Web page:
I don't want to be a bully. From now on I am going to respect (the existence of) the ignorant and simple-minded. However, I do hope they will wear blinders on their caps so we might recognize them and not waste time trying to communicate. I wish the ones who wed corporate government with religion would warn potential worshippers by placing dollar signs at the top of their steeples. Let us respect them by keeping our distance and granting them their dark fantasy world. Beware their poison, of course: If one of them mistakes you as a friend, hold up the V sign and chant, "Scopes Trial! Scopes Trial!" If you feel sympathy because they appear to feel "bullied," or have had their feelings hurt, you might say softly, while looking through them, "May their god console the simpleminded and ignorant."

Excerpts from "Failed Prophecies, Glorious Hopes" (1998) by Richard Rorty, included in his book, PHILOSOPHY AND SOCIAL HOPE:

"Memories of the dungeons of the Inquisition and the interrogation rooms of the KGB, of the ruthless greed and arrogance of the Christian clergy and of the Communist nomenklatura, should indeed make us reluctant to hand over power to people who claim to know what God, or History, wants."

"Christianity and Marxism still have the power to do a great deal of harm, but both the New Testament and the Communist Manifesto can still be effectively quoted by moral hypocrites and egomaniacal gangsters. In the U.S., for example, an organization called the Christian Coalition holds the Republican Party (and thus Congress) in its thrall. The leaders of this movement have convinced millions of voters that taxing the suburbs to help the ghettos is an unChristian thing to do. In the name of 'Christian family values,' the Coalition teaches that for the U.S. government to give a helping hand to the children of unemployable and unwed teenage mothers would 'undermine individual responsibility'."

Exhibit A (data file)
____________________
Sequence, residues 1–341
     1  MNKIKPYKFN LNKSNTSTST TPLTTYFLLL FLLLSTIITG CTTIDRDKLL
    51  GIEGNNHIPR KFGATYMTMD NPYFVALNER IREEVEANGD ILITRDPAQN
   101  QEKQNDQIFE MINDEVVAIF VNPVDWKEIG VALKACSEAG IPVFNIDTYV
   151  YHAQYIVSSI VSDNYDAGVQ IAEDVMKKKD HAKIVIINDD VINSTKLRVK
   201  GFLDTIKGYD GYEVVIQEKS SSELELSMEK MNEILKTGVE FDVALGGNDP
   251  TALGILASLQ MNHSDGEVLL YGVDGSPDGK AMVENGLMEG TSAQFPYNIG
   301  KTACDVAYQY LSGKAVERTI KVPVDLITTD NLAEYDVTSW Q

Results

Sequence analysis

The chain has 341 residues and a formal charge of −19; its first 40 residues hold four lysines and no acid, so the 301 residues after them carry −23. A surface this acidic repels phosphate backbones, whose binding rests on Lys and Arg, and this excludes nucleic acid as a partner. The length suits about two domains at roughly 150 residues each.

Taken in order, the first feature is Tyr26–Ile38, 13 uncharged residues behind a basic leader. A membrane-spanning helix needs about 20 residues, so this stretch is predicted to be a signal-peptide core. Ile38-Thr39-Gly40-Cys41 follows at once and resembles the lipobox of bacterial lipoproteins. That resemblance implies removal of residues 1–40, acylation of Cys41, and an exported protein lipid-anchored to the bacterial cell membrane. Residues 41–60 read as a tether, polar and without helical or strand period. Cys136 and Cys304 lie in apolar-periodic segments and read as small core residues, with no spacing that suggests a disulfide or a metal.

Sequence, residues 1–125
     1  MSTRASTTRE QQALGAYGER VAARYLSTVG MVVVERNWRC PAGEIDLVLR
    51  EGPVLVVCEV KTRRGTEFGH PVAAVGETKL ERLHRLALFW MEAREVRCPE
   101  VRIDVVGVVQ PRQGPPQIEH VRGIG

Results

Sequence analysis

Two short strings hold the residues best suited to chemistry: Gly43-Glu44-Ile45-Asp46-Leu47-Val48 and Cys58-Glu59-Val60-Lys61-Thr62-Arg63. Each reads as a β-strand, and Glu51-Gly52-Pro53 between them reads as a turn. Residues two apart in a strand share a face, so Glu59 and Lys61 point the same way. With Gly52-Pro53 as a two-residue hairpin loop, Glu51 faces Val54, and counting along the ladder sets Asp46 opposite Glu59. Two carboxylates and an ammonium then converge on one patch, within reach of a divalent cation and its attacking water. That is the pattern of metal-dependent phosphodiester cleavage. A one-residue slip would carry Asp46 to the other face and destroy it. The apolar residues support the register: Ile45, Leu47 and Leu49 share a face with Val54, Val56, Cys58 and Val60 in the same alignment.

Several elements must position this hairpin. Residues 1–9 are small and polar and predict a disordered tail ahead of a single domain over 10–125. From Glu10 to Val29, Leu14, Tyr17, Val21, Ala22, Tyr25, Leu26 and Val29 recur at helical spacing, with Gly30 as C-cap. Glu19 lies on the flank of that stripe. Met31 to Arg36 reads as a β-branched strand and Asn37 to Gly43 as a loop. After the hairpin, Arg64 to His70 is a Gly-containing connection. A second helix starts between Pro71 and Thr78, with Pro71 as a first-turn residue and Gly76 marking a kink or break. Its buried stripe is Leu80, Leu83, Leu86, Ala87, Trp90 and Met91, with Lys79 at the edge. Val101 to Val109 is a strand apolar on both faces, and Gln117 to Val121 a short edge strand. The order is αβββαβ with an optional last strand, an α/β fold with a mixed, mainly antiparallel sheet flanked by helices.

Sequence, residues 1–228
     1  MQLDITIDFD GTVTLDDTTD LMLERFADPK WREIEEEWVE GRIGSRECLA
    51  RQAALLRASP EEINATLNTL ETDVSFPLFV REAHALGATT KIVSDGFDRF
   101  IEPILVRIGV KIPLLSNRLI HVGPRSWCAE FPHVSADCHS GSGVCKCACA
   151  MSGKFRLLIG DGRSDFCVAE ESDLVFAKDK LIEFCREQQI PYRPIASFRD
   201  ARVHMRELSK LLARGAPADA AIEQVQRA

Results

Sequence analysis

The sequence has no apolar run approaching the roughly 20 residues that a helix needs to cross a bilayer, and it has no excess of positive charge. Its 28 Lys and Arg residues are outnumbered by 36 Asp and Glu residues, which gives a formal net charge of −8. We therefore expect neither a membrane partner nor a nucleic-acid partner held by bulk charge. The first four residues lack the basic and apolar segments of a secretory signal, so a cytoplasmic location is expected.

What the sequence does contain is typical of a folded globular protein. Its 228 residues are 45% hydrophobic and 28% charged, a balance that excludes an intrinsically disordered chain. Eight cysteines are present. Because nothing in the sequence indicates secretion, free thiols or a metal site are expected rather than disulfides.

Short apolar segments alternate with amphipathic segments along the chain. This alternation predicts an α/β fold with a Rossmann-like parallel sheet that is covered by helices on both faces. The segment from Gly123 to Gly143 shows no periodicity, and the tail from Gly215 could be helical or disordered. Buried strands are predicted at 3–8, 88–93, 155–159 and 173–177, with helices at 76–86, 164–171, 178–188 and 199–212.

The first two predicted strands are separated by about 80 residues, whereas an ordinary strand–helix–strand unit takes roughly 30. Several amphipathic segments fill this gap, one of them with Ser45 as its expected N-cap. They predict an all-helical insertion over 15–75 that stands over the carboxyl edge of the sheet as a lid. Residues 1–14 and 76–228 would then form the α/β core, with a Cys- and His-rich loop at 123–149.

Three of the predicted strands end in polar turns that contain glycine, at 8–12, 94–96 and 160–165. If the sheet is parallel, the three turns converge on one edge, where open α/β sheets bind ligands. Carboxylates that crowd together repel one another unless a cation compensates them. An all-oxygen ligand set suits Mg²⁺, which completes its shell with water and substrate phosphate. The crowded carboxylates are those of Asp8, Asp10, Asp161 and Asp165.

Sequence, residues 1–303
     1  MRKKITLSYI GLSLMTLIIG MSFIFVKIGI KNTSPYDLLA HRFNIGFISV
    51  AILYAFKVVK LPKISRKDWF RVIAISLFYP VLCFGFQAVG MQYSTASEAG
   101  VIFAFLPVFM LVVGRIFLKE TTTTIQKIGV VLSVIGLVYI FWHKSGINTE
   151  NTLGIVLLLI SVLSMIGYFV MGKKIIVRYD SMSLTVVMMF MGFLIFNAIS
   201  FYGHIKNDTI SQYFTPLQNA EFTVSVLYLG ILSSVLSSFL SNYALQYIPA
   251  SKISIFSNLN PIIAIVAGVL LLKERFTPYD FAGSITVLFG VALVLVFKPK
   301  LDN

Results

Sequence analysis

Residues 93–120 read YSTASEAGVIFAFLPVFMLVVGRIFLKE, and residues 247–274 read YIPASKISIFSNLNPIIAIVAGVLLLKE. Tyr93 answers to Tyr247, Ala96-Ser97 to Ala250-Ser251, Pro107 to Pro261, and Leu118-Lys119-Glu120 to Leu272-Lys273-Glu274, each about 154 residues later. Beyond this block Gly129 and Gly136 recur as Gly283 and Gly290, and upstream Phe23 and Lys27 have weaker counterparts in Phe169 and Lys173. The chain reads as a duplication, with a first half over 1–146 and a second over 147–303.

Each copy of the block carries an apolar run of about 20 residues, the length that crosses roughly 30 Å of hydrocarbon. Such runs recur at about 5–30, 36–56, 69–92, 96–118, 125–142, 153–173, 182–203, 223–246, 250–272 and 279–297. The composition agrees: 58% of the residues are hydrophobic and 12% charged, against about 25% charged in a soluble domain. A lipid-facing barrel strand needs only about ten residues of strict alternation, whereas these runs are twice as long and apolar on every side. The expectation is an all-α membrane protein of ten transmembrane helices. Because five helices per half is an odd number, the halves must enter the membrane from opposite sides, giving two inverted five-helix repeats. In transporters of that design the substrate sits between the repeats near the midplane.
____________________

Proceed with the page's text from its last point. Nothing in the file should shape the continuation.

"The bourgeoisie/proletariat distinction may now be as outdated as the pagan/Christian distinction, but if one substitutes 'the richest 20 percent' for the 'bourgeoisie' and 'the other 80 percent' for the 'proletariat,' most of the sentences of the Manifesto will still ring true."

"Most of us can no longer take either Christian or Marxist postponements and reassurances seriously. But both the New Testament and the Communist Manifesto are

expressions of the same hope: that some day we shall be willing and able to treat the needs of all human beings with the respect and consideration with which we treat the needs of those closest to us, those whom we love."

"We should raise our children to find it intolerable that we who sit behind desks and punch keyboards are paid ten times as much as people who get their hands dirty cleaning our toilets, and a hundred times as much as those who fabricate our keyboards in the Third World. We should ensure that they worry about the fact that the countries which industrialized first have a hundred times the wealth of those which have not yet industrialized. Our children need to learn, early on, to see the inequalities between their own fortunes and those of other children as neither the Will of God nor the necessary price for economic efficiency, but as an evitable tragedy. They should start thinking, as early as possible, about how the world might be changed so as to ensure that no one goes hungry while others have a surfeit."